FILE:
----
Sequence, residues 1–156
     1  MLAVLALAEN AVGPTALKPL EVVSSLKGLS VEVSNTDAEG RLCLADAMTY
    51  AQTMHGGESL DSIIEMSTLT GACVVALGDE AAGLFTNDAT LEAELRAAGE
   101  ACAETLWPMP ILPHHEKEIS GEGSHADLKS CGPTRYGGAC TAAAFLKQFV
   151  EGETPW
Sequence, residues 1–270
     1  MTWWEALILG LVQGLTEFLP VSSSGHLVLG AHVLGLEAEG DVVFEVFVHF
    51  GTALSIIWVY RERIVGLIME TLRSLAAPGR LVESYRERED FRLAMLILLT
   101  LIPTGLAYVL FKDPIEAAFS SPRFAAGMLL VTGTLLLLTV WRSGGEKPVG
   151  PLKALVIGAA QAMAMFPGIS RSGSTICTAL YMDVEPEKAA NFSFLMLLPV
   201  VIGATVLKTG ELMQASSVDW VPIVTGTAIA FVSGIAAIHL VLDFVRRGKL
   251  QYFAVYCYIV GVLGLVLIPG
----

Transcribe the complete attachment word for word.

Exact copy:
Sequence, residues 1–156
     1  MLAVLALAEN AVGPTALKPL EVVSSLKGLS VEVSNTDAEG RLCLADAMTY
    51  AQTMHGGESL DSIIEMSTLT GACVVALGDE AAGLFTNDAT LEAELRAAGE
   101  ACAETLWPMP ILPHHEKEIS GEGSHADLKS CGPTRYGGAC TAAAFLKQFV
   151  EGETPW
Sequence, residues 1–270
     1  MTWWEALILG LVQGLTEFLP VSSSGHLVLG AHVLGLEAEG DVVFEVFVHF
    51  GTALSIIWVY RERIVGLIME TLRSLAAPGR LVESYRERED FRLAMLILLT
   101  LIPTGLAYVL FKDPIEAAFS SPRFAAGMLL VTGTLLLLTV WRSGGEKPVG
   151  PLKALVIGAA QAMAMFPGIS RSGSTICTAL YMDVEPEKAA NFSFLMLLPV
   201  VIGATVLKTG ELMQASSVDW VPIVTGTAIA FVSGIAAIHL VLDFVRRGKL
   251  QYFAVYCYIV GVLGLVLIPG